For other riders, they suffer for less obvious reasons. The more common reasons that riders come in to have treatment for include: lower back ache, pain and stiffness. Neck and shoulder pain after long sessions on the bike. Some riders have elbow and forearm pain that can make twisting the throttle or using your clutch painful. Knees can be sore because of the strong contractions involved in changing direction.

An Osteopath helps back aches and pains with a combination of loosening the back muscle tension and gentle techniques where you are in control of the forces to get the joints moving again. No sudden, unexpected manoeuvres. Back problems for a motorcyclist often occur in the “transport” or straight sections of a ride between the “twisty roads”.

Very often problems have knock on effects. When you have spasm in one area, the sections above and below the site are forced to take on some of the duties.  They compensate for the injured area. If things go on for a while, those areas start to complain and can get sore. In the case of the lower back, the thigh and hip muscles can get overused. When the thigh muscles get tight, it can affect the knees.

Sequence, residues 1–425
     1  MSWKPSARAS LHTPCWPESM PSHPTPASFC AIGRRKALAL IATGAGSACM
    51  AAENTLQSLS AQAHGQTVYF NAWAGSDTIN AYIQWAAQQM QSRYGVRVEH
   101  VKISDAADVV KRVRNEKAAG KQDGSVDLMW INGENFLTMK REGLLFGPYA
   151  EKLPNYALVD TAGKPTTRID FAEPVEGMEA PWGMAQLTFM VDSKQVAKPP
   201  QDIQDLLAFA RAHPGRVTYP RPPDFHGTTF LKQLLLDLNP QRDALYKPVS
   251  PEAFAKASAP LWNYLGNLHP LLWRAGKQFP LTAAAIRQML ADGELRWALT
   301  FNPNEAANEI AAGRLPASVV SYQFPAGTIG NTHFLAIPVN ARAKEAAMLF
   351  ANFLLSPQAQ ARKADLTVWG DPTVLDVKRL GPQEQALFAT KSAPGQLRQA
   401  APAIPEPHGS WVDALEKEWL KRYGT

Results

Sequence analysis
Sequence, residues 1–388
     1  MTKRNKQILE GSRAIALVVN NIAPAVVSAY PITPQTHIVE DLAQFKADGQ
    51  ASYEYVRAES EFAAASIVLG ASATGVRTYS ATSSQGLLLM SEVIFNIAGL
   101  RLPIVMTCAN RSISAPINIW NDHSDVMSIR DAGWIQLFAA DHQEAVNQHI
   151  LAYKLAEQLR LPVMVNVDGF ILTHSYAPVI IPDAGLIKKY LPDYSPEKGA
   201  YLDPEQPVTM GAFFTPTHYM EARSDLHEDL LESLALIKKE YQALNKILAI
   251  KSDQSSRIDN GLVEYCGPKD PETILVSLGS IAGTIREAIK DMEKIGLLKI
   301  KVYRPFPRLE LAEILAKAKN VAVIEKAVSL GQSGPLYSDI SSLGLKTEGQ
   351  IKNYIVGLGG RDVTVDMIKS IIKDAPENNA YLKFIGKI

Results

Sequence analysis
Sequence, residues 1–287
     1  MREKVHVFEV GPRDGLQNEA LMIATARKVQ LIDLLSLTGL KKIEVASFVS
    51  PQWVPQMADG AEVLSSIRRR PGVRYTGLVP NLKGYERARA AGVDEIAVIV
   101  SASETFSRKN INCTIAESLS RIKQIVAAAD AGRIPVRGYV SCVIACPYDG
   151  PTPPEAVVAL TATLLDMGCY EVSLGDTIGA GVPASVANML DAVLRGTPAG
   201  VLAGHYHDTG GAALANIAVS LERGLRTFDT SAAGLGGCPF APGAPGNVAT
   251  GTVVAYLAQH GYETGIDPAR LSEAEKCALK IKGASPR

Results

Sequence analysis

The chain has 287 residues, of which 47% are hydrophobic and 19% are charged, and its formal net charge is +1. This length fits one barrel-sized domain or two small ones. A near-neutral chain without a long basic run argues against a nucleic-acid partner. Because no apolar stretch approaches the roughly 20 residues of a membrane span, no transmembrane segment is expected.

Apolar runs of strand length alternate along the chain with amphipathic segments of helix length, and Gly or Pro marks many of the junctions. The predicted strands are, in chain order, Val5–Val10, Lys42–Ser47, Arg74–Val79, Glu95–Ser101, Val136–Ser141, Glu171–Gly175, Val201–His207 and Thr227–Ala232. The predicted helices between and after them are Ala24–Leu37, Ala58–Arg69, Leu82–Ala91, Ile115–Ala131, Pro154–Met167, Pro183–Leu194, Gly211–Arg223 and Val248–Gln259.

When your shoulders and neck are sore it can make head checks hard. As well as that it may make heavy braking and cornering difficult. This affects your safety, let alone taking away your enjoyment. Sometimes it can give you headaches. Working on the muscles around the neck, gently stretching and getting you to contract and relax the muscles helps mobilize the little but very important neck joints.

If you have sore elbows, it could be a number of things. You may have old injuries or your posture on the bike. This is where squeezing the tank is very important. It means that you take more of your body weight on your lower limbs as opposed to supporting your weight on your wrists.

Your body is like your motorcycle in that it is a physical structure and mechanism. If it gets knocked out of shape or alignment it needs tweaking, tuning or maintenance to bring things back to normal. Things don’t get better by themselves. In fact they can progress and get worse.  It’s important to do something at the right time as opposed to leaving them. This is very important with a new injury. We help to return to you to where you where before the injury. In the case where you have had an injury for a long time, it takes time to help the body know what normal feels like. There are times when consistent treatment over a longer period helps to make you feel even better than you have been in a long time. You actually feel fantastic.